Written by Christine Tan

After purchasing a raised bungalow home, Daniel Holmes assessed his home and realized a few changes needed to be made in order to improve the home’s energy efficiency. The bungalow has a walkabout basement that goes down to the garage that was very old and outdated and the cold cellar door wasn’t insulated. Knowing that the home required a new furnace to be installed, Daniel did some further research and found out that at least one other improvement needed to be made in the home in order to qualify for the furnace rebate from the Union Gas Home Reno Rebate program.

After hearing about Reep from HVAC installers, Daniel decided to support a non-profit organization opposed to a business that did assessments.

A Reep EnerGuide Home Energy Evaluation was conducted and it was decided that the attic and basement walls needed insulating on order to improve the home’s energy rating, along with Daniel’s idea of changing the furnace and door to improve energy efficiency.

“I then spend 6 months tearing apart the entire basement and reframing it with 2×4 walls, 1 inch away from the foundation to allow the maximum 4 inches of spray foam on 95% of the basement walls,” said Daniel, “I also removed the ceiling in the garage to have the ceiling spray foam at 6” and completely sealed the garage and the basement rim joists that allowed a lot of cold air into the basement.”

Reep’s EnerGuide Home Energy Evaluations allow homeowners to assess their homes and identify areas that can be improved upon in order to increase the home’s energy efficiency.

This can include identifying areas in which the most heat lost occurs through lack of insulation or air leaks, such as from window or doors. In this case, the evaluation identified that the attic and basement walls needed insulation to increase the house’s energy rating. By implementing further insulation in these critical areas, there will be less energy being used for heating/cooling in the home.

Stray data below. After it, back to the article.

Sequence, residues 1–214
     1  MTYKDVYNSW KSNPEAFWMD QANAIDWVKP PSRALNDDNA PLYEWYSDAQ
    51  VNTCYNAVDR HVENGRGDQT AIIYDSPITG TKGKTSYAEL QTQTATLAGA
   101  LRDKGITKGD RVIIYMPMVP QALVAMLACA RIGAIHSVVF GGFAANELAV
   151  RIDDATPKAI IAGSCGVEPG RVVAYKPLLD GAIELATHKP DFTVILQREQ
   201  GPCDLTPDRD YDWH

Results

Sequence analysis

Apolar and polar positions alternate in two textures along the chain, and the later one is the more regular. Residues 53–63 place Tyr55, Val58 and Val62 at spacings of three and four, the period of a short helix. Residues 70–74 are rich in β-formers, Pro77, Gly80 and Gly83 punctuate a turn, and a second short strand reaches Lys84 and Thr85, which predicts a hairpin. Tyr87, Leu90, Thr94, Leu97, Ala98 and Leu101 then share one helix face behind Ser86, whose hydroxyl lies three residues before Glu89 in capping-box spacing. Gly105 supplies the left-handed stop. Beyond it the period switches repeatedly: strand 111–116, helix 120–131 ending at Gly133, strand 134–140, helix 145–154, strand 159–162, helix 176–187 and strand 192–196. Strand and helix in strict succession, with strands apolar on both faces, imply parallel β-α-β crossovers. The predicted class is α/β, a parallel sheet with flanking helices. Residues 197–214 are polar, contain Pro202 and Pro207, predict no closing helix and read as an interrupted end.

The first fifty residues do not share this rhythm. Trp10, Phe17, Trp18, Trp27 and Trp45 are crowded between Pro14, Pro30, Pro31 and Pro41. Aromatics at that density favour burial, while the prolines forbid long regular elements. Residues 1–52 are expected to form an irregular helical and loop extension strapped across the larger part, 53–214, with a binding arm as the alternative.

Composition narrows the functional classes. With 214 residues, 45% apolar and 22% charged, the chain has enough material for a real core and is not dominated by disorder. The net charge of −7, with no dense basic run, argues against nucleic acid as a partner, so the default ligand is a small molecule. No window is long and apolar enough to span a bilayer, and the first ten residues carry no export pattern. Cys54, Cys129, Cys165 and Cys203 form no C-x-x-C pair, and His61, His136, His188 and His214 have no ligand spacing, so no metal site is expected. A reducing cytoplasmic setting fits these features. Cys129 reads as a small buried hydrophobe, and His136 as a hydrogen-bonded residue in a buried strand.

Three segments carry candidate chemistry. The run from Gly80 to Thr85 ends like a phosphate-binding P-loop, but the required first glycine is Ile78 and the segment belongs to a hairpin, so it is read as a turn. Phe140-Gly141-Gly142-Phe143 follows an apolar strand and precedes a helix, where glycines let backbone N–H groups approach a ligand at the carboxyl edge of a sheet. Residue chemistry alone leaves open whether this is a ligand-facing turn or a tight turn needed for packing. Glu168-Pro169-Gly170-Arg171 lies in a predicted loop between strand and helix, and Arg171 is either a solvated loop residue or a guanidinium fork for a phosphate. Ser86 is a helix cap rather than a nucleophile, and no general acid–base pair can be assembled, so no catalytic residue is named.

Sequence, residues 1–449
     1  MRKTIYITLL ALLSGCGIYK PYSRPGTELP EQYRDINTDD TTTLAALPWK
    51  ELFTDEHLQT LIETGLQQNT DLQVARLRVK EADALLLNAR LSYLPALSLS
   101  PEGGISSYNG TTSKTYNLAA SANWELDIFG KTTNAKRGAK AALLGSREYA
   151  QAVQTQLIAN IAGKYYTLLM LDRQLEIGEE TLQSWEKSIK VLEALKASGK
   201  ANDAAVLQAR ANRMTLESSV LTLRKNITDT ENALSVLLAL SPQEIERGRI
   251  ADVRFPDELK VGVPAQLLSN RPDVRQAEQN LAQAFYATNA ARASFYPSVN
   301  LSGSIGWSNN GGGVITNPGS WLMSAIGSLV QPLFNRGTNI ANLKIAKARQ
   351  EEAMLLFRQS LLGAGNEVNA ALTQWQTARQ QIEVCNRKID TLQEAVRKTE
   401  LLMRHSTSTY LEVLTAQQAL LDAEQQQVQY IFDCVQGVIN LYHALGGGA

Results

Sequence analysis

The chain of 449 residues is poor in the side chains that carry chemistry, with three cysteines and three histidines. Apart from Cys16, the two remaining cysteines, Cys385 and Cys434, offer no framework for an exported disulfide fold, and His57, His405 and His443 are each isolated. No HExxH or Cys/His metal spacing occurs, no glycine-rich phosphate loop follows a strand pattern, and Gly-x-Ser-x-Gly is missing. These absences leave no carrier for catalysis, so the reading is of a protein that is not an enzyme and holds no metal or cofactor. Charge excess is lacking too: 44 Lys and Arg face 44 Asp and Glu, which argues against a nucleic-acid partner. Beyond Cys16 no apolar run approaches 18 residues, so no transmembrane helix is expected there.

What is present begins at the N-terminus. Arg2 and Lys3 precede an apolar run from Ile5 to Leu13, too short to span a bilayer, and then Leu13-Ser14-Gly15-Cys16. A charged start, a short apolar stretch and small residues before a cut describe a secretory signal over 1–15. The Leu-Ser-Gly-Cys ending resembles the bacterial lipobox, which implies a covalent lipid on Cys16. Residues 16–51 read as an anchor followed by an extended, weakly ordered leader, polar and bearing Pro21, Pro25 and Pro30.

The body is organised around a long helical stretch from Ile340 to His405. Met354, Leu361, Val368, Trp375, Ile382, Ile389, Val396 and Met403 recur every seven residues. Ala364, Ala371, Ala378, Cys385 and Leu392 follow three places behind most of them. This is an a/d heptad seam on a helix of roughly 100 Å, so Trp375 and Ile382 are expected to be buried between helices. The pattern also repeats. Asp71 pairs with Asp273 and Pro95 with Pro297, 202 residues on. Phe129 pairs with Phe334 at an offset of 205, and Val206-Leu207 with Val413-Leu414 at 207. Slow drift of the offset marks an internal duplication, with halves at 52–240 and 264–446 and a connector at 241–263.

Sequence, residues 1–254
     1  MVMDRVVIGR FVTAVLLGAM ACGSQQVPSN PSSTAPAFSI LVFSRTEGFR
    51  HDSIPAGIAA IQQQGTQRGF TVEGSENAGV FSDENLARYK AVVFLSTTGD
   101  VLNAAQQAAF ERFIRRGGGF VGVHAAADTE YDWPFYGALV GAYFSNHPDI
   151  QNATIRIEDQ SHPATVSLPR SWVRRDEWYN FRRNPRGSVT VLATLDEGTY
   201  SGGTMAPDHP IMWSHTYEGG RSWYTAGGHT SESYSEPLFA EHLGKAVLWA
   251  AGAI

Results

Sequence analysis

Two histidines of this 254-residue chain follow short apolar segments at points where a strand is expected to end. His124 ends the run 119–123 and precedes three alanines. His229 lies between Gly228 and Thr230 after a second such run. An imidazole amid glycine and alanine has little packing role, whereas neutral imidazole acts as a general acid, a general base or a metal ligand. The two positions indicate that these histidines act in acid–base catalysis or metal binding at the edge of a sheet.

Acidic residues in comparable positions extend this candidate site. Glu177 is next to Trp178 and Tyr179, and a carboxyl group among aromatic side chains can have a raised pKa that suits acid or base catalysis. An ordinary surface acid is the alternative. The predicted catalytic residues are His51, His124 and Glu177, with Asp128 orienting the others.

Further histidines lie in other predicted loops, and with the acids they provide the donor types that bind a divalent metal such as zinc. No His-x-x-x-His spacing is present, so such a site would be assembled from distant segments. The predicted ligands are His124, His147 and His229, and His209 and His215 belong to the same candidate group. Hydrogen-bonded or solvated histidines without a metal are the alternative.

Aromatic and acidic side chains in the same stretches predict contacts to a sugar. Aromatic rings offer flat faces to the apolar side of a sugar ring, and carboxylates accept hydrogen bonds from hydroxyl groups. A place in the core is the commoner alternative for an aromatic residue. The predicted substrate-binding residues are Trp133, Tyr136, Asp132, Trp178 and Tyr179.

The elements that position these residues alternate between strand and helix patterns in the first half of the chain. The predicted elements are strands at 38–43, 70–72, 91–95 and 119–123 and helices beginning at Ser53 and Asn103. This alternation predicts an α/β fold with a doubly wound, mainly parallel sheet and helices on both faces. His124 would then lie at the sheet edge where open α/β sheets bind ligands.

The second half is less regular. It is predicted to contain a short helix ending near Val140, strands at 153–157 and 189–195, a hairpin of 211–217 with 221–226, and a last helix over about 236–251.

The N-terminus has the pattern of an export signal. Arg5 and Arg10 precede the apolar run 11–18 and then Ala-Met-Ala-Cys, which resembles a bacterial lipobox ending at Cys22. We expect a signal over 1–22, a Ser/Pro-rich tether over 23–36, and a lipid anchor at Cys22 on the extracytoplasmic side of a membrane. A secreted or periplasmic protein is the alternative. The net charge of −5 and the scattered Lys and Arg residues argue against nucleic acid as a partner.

After conducting a follow up Energy Evaluation after these improvements were made, the EnerGuide Rating had very good improvements. In applying for the Union Gas rebate, Daniel received about $1,000 for the furnace.

Apart from the energy savings for such improvements, benefits in home comfort were also evident. “Our kitchen and living room floors over the garage were barely usable until the spray foam was complete. Heating was reduced but because we just moved into the house, we didn’t have a baseline to compare previous years,” says Daniel. Daniel also plans to replace 3 windows and sliding glass door in the near future to further improve the home’s energy rating.

The home had Energy Savings of 28%, Air Leakage Reduction of 48.6% and Carbon Emission Savings of 2.5 tonnes/year!